OFF THE BOARD: My first mugshot

Off the Board/Opinion by

As a recent martyr for student journalism, I can say that getting arrested sucks.

I attended the 14th annual March Against Police Brutality on March 15 with two other Tribune photojournalists to get some shots of the inevitable violence and rioting that occurs during the event.

The protest started peacefully as the 900 attendees, clad mostly in black, expressed their discontent with police tactics. Eventually, the police blocked the path of the protest and the event turned violent. Bottles, fireworks, food, and profanities were hurled at the ever-growing number of police officers. Suddenly, all hell broke lose as riot police charged into the crowd, pushing people out of the way with their shields. As the police moved in, protesters scattered and the Tribune photo team scurried around collecting shots of the chaos. Unannounced to us, the protest has been declared an “illegal gathering,” which means that being in close proximity to the demonstration was a crime. In a matter of minutes, riot police had secured the area and anyone within this boundary was forbidden to leave. With this strategic move, the police had captured three Tribune photographers, a couple guys from the Concordia Link, high school kids, and plethora of confused hipsters. Noticeably missing from the imprisoned group were most of the anarchists carrying baseball bats, firework-wielding idiots, and beer-drinking street punks.

We were all handcuffed, patted down, searched, and identified. I was paraded past a slew of news cameras before being deposited on an STM bus with my fellow detainees. The most hilarious moment of the night came when the bus started moving and almost immediately the “stop requested” light was illuminated by one of the arrested protesters.

At the station, I was interviewed and issued a $144 fine for “participating or being present at an assembly, march, or parade that endangers the peace or the security or order in a public place.” This serious crime requires a municipal headshot in which I did the best that I could to give a big smile and pose with my hands still restrained behind my back. After being processed I was led to a different STM bus that began to drive around the empty streets of Hochelaga. Eventually the cops dropped us at random street corners in groups of four. There I was, at 11 p.m., fresh out of the Canadian legal system, with no idea where I was.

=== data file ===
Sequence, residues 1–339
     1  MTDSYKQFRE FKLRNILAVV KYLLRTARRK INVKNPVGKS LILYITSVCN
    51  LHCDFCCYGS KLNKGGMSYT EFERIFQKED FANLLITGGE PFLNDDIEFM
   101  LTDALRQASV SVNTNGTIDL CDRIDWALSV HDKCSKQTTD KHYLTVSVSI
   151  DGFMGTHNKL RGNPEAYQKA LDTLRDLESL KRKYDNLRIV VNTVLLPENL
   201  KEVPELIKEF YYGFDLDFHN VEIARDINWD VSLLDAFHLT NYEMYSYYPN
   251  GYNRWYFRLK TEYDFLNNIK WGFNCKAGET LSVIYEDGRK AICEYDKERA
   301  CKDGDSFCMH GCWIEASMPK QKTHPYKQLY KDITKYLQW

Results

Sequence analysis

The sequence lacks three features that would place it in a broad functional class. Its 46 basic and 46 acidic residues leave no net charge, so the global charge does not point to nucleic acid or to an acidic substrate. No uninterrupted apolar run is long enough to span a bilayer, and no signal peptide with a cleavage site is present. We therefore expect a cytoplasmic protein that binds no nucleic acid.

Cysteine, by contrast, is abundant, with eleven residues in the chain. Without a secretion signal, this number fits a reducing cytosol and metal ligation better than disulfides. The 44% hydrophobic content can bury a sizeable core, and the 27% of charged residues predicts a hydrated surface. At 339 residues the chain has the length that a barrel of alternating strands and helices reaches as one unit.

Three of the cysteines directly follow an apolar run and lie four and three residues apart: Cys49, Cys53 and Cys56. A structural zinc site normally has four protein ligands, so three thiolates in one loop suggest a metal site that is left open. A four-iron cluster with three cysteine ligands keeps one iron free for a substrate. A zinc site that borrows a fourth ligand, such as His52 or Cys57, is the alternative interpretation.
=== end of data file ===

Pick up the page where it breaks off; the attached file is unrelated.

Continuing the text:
This rant has two points. First, journalists have a huge role in documenting and reporting on controversial events. Arresting student journalists creates a disincentive for campus papers to report on important community issues. The fewer papers that report, the less information will be published about the grievances that caused the protest, and the police tactics used to deal with demonstrations.

Second, mass arrests at an anti-police brutality march are not the best way to foster relations with the Montreal community. I can see why there are bylaws that make it illegal to remain in the vicinity of a dangerous situation, but I don’t think the declaration of illegality was explicit enough. If I had known it was illegal to be there, and was afforded an opportunity to leave, I probably would have left. Many people were committing crimes at the protest, but very few of them were arrested on an individual basis. Arresting 100 people makes the police department seem in control, but in reality, they managed to ticket a bunch of kids who were in the wrong place at the wrong time. This year, the police started shooting violent individuals with a paintball gun to identify and arrest them later. I think this is a much more effective system to arrest dangerous protestors and should be used more in future years. This way, journalists can report, protesters can peacefully protest, and police can maintain order without arresting bystanders.

Nevertheless, I’ll be at next year’s protest – only this time, I’ll make sure I do my hair beforehand so I look great in my mugshot.